And how many of former Catholics and Protestants have become Orthodox Christians and members of our communities abroad, among other things, as a result of mixed marriages? Do the authors who claim to be the voice of ‘conservative church public’ know how difficult it is in Western Europe, for instance, to obtain permission for building a church and to negotiate its design with local authorities? And what assistance do Catholic parishes and sometimes even Protestant communities give to our new parishes? And how many of our compatriots who have found themselves in the West in a situation of illegal migrants have managed to obtain the necessary papers and jobs with the help of Catholic and Protestant charities on the request of Russian Orthodox parishes?
Read the complete interview here.
October 7, 2010
In the land where Jesus lived, Christians say their dwindling numbers are turning churches from places of worship into museums.
And when Christian pilgrims come from all over the world to visit the places of Christ's birth, death and resurrection, they find them divided by a concrete wall.
Members of the Abu al-Zulaf family, Palestinian Christians, have left the hills and olive groves of their village near Bethlehem for Sweden and the United States, seeking a better life than that on offer in the Israeli-occupied West Bank.
Ayman Abu al-Zulaf, 41, moved to France in 1998. But he returned to Beit Sahour, the village where he was born, a year later. "I needed to be here, not in France," he said. "Without Christians, the Holy Land, the land of Jesus, has no value."
That's his message to Christian pilgrims he meets through his work as a tour guide. "Christians have a very major mission here in Palestine. We are the bridge to the West," he said.
Today, Christians make up just 1 percent of the mainly Muslim population of the Palestinian territories, said Hanna Eissa, who is in charge of Christian affairs in the Palestinian Authority's religious affairs ministry.
In 1920, they were a tenth of the population of Palestine -- land where today Israel exists alongside the occupied West Bank and the Gaza Strip. The Palestinians remain stateless.
Decades of conflict, shifting borders and occupation are the root causes of the poor economic situation that is forcing Christians to seek better lives abroad, Eissa said.
Rising Muslim fundamentalism, a trend across the Middle East, concerns some. But most cite Israeli occupation as the prime cause of emigration and the decline of their community.
"If there was no political problem, the economic situation would be good, so the problems are linked," Eissa said.
In Bethlehem alone, the Christian population has slumped to 7,500 from 20,000 in 1995. Then, the Middle East peace process had created hope that a Palestinian state would emerge alongside Israel. Some Christians who had left came back.
Sandra al-Shoumali, Abu al-Zulaf's sister, and her husband were among those who invested at the time. They thought peace was imminent and saw a prosperous future in a new state. But talks collapsed in 2000 and several years of violence ensued.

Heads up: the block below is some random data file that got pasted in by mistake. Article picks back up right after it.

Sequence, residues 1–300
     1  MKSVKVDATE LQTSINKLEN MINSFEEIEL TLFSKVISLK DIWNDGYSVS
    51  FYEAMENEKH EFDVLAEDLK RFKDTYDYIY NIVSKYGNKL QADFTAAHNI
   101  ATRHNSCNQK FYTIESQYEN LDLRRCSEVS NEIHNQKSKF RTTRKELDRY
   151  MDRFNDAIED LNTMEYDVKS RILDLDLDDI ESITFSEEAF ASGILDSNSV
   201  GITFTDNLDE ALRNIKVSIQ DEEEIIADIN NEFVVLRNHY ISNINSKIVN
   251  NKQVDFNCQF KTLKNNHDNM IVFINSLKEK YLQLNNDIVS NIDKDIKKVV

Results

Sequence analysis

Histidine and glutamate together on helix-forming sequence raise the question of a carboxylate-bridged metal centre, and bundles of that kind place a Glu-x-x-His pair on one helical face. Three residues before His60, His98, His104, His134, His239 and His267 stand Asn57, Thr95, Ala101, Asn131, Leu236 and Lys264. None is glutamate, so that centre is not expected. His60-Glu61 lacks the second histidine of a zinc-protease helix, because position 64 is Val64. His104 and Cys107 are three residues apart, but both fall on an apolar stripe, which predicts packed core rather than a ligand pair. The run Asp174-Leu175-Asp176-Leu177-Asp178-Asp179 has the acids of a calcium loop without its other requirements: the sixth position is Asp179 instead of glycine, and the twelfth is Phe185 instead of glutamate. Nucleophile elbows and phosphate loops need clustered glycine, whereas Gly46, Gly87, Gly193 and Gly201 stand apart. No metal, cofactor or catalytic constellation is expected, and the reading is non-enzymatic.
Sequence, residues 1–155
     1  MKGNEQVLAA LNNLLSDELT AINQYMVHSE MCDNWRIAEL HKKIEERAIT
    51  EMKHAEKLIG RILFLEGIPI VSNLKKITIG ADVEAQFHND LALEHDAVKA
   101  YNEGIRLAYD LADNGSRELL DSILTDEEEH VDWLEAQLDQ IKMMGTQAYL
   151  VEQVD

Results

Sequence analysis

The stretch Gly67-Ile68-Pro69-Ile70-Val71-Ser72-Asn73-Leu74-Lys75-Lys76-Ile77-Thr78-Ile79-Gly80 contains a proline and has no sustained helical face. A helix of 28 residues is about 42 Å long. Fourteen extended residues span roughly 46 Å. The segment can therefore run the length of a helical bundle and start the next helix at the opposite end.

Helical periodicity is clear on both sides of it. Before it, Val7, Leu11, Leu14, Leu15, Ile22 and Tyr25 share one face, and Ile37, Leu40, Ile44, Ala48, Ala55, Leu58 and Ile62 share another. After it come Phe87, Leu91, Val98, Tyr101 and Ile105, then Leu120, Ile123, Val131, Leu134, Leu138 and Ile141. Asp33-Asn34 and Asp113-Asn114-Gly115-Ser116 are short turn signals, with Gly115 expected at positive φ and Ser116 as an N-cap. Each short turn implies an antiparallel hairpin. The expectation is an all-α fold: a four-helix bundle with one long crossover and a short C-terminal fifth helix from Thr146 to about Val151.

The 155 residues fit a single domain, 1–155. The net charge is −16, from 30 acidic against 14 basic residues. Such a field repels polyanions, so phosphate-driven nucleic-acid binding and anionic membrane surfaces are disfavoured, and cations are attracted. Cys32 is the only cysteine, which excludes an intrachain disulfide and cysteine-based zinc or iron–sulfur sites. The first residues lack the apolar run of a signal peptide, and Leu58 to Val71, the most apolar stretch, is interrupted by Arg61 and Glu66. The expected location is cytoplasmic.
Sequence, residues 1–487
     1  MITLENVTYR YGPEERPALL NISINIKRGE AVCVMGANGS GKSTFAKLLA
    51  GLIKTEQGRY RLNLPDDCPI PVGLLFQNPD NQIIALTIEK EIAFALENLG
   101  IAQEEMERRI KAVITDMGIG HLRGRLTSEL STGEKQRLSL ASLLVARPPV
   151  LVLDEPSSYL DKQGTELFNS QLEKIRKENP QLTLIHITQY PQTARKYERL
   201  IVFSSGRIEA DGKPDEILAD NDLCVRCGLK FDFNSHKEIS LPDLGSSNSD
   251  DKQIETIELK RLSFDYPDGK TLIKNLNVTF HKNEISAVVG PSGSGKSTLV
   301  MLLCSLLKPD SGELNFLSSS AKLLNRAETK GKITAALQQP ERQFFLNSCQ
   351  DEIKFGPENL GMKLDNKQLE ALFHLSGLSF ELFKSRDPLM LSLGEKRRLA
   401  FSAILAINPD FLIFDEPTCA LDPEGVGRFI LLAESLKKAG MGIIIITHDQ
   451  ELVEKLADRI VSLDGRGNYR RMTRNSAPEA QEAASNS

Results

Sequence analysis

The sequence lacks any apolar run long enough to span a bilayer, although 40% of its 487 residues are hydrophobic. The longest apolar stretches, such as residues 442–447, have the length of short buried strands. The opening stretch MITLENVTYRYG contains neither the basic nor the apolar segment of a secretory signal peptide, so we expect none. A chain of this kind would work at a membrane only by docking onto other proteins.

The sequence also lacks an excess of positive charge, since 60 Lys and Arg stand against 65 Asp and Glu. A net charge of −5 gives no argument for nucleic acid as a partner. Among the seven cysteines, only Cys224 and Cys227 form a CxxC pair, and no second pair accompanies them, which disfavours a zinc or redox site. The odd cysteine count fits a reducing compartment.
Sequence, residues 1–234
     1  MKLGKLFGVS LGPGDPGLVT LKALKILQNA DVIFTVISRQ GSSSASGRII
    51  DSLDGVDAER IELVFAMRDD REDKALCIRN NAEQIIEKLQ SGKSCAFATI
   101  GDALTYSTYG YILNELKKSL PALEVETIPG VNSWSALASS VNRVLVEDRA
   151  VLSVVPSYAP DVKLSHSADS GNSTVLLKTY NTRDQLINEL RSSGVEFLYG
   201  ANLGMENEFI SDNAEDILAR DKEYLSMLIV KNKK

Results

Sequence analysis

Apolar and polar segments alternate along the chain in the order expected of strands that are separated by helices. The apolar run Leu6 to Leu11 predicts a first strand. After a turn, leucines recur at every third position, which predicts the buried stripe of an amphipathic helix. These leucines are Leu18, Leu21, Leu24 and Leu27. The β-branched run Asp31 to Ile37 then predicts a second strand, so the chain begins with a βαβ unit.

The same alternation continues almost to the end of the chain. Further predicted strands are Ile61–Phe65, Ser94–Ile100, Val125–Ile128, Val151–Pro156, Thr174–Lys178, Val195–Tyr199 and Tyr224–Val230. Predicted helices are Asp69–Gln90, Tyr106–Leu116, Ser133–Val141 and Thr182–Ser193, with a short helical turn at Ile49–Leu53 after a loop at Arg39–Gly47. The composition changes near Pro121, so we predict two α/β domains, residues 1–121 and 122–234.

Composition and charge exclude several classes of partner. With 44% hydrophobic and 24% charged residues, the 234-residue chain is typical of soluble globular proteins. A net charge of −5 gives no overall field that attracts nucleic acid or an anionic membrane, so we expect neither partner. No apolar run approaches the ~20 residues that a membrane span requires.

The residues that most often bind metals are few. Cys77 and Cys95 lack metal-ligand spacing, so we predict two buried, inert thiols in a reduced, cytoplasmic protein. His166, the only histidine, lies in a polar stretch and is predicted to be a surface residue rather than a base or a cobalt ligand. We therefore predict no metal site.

POLITICS AND PILGRIMAGE
"There was no work, no way to live," she said. "Our family has been scattered," she said. They moved to the United States. She is visiting Beit Sahour for the first time in two years.
Abu al-Zulaf knows personally of 50 people who have left Beit Sahour in the last decade. "When I talk to them, they say: 'We want to come back, but there is no work there'."
He holds Israel responsible for the departure of Christians. "The occupation is menacing everyone's existence," he said.
His tours take in Palestinian refugee camps as well as conventional pilgrimage places, such as the Church of the Nativity, revered as the site of Jesus's birth. "Our resistance is through staying here and sensitising people," he said.
The economy has improved since the Second Intifada, or uprising, abated. Tourists have returned, but their path to Bethlehem from Jerusalem has been complicated by the West Bank barrier Israel has constructed on the grounds of security.
Abu al-Zulaf has not been to Jerusalem since he was 19 years old. He was jailed by Israel two decades ago because of activism in a previous uprising. "Jerusalem is the core of Christianity and as a Christian you are deprived of going there," he said.
"I am lucky to have seen Jerusalem," he said. "There are people here who have never been."
"I am not optimistic because I don't think things are going to change. I don't trust the leadership on either side."
October 6, 2010
America's Eastern Orthodox parishes have grown 16 percent in the past decade, in part because of a settled immigrant community, according to new research.
Alexei Krindatch, research consultant for the Standing Conferences of the Canonical Orthodox Bishops in the Americas, said the 16 percent growth in the number of Orthodox parishes is "a fairly high ratio for religious groups in the United States."
The number of Orthodox parishes has reached 2,370, and the Orthodox community in America consists of more than 1 million adherents across 20 different church bodies, according to the 2010 U.S. Orthodox Census.
The top five largest Orthodox churches in the U.S. are Greek Orthodox (476,900), Orthodox Church in America (84,900), Antiochian Orthodox (74,600), Serbian Orthodox (68,800) and Russian Orthodox (27,700).